Noigiallach (died c.450/455) laid the basis for the Uí Néill dynasty's hegemony over much of western, northern and
central Ireland. Politically, the former emphasis on tribal affiliation had been replaced by the 700s by that of patrilineal
and dynastic background. Many formerly powerful kingdoms and peoples disappeared. Irish pirates struck all over the
coast of western Britain in the same way that the Vikings would later attack Ireland. Some of these founded entirely new
kingdoms in Pictland, Wales and Cornwall. The Attacotti of south Leinster may even have served in the Roman military
in the mid-to-late 300s. Perhaps it was some of the latter returning home as rich mercenaries, merchants, or slaves stolen
from Britain or Gaul, that first brought the Christian faith to Ireland. Some early sources claim that there were
missionaries active in southern Ireland long before St. Patrick. Whatever the route, and there were probably many, this
new faith was to have the most profound effect on the Irish. Tradition maintains that in AD 432, St. Patrick arrived on
the island and, in the years that followed, worked to convert the Irish to Christianity. On the other hand, according to
Prosper of Aquitaine, a contemporary chronicler, Palladius was sent to Ireland by the Pope in 431 as "first Bishop to the
Irish believing in Christ", which demonstrates that there were already Christians living in Ireland. The first recorded
Viking raid in Irish history occurred in 795 when Vikings from Norway looted the island of Lambay, located off the
Dublin coast. Early Viking raids were generally small in scale and quick. These early raids interrupted the golden age of
Christian Irish culture starting the beginning of two hundred years of intermittent warfare, with waves of Viking raiders
plundering monasteries and towns throughout Ireland. Most of the early raiders came from the fjords of western Norway.
In 852, the Vikings Ivar Beinlaus and Olaf the White landed in Dublin Bay and established a fortress, on which the city
of Dublin (from the Irish Gaelic An Dubh Linn meaning "the black pool") now stands.By the 12th century, Ireland was
divided politically into a shifting hierarchy of petty kingdoms and over-kingdoms. Power was exercised by the heads of a
few regional dynasties vying against each other for supremacy over the whole island. The first Norman knight landed in
Ireland in 1167, followed by the main forces of Normans, Welsh and Flemings in Wexford in 1169. This caused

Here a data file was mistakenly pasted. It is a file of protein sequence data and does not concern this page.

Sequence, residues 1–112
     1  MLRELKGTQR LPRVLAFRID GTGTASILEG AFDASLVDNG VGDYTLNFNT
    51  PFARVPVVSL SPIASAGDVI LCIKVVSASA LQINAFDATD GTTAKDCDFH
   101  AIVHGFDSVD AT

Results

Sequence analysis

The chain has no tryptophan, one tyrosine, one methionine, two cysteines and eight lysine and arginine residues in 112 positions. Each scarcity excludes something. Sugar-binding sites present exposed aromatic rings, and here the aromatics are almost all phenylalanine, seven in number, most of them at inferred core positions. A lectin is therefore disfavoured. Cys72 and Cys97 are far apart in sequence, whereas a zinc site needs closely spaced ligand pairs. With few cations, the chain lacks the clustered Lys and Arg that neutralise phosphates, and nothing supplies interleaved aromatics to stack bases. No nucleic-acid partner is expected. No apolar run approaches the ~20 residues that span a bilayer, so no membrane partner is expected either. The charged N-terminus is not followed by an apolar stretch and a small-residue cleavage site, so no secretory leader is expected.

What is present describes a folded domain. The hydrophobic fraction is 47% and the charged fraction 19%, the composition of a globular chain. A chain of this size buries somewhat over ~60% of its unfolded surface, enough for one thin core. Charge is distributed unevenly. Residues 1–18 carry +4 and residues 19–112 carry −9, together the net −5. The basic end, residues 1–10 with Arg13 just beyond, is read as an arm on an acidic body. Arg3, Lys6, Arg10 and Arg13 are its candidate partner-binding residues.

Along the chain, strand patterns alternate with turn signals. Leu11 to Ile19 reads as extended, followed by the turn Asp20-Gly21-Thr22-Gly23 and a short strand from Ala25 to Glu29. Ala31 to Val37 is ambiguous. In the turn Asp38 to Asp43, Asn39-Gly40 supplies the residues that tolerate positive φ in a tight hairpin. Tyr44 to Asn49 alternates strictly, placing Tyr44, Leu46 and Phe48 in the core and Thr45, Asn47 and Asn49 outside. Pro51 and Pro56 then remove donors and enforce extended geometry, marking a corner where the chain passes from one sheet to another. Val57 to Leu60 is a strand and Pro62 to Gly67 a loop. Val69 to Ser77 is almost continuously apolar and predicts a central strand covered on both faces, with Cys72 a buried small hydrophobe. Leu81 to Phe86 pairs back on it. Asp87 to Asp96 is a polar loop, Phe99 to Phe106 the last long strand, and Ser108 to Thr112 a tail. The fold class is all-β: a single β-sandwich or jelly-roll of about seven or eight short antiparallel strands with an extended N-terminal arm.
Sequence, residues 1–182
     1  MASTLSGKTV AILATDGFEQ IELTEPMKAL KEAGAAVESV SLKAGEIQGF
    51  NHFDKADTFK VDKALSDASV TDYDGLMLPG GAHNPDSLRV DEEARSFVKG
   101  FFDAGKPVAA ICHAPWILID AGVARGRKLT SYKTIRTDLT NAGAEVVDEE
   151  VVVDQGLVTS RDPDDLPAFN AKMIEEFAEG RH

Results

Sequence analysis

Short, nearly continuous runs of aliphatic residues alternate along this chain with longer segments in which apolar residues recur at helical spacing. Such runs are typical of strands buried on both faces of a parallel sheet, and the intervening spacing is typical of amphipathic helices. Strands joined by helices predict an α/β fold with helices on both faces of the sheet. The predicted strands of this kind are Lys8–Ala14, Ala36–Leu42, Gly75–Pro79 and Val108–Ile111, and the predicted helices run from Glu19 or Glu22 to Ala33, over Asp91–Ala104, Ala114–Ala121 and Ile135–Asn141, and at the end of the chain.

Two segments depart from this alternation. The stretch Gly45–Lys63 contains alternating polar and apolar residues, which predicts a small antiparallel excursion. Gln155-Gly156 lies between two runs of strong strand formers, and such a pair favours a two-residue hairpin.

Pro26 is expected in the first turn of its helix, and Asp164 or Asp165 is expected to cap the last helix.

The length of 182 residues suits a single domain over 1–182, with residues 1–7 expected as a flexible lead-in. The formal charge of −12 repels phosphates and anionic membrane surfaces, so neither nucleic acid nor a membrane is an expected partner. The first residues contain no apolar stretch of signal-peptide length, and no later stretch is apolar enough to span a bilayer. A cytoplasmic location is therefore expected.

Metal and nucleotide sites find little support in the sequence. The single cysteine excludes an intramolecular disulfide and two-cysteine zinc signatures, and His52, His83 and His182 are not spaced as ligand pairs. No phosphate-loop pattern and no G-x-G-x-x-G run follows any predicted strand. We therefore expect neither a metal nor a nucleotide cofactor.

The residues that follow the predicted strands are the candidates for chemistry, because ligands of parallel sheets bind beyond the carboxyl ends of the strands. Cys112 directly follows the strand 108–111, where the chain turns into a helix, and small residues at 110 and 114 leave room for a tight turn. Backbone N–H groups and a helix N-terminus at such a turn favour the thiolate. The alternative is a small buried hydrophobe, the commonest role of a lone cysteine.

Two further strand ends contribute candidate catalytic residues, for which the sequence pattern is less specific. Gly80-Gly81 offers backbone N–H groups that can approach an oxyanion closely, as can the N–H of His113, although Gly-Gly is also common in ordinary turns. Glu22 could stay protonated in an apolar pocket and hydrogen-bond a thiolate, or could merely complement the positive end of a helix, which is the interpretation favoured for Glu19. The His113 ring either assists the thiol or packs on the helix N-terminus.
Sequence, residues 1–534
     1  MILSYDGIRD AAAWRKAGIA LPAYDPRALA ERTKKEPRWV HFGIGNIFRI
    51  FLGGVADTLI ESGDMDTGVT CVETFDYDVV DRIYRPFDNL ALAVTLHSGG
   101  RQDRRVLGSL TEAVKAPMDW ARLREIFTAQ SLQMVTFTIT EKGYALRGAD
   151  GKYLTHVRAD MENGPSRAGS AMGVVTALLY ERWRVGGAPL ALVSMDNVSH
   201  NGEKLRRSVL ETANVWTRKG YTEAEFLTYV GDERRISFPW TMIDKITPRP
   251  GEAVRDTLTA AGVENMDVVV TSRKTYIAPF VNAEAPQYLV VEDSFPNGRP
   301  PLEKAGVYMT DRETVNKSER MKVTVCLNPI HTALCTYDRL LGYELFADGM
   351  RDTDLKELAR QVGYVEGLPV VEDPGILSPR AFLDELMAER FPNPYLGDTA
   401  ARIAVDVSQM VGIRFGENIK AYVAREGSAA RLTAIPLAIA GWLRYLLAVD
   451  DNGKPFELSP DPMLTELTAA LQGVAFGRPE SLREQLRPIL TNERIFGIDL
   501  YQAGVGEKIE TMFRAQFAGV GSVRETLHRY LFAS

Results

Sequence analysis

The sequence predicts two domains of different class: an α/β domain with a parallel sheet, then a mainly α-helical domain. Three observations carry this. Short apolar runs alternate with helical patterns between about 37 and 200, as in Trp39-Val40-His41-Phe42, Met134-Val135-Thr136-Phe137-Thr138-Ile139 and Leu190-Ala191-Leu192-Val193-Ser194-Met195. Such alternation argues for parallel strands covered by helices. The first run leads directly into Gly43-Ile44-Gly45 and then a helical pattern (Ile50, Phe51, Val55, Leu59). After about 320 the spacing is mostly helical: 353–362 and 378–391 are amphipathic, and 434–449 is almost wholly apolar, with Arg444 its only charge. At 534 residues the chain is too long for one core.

consternation to King Henry II of England, who feared the establishment of a rival Norman state in Ireland. Accordingly,
he resolved to establish his authority. With the authority of the papal bull Laudabiliter from Adrian IV, Henry landed with
a large fleet at Waterford in 1171, becoming the first King of England to set foot on Irish soil. The Black Death arrived
in Ireland in 1348. Because most of the English and Norman inhabitants of Ireland lived in towns and villages, the plague
hit them far harder than it did the native Irish, who lived in more dispersed rural settlements. By the end of the 15th
century, central English authority in Ireland had all but disappeared. England's attentions were diverted by its Wars of the
Roses (civil war). From 1536, Henry VIII decided to re-conquer Ireland and bring it under crown control. From the
mid-16th and into the early seventeenth century, crown governments carried out a policy of colonisation known as
Plantations. The seventeenth century was perhaps the bloodiest in Ireland's history. Two periods of civil war (1641-53
and 1689-91) caused huge loss of life and resulted in the final dispossession of the Irish Catholic landowning class and
their subordination under the Penal Laws. The Catholic gentry briefly ruled the country as Confederate Ireland (1642-
1649) against the background of the Wars of the Three Kingdoms until Oliver Cromwell re-conquered Ireland in 1649-
1653 on behalf of the English Commonwealth. Ireland became the main battleground after the Glorious Revolution of
1688, when the Catholic James II left London and the English Parliament replaced him with William of Orange. By the
late eighteenth century, many of the Irish Protestant elite had come to see Ireland as their native country. In 1800, after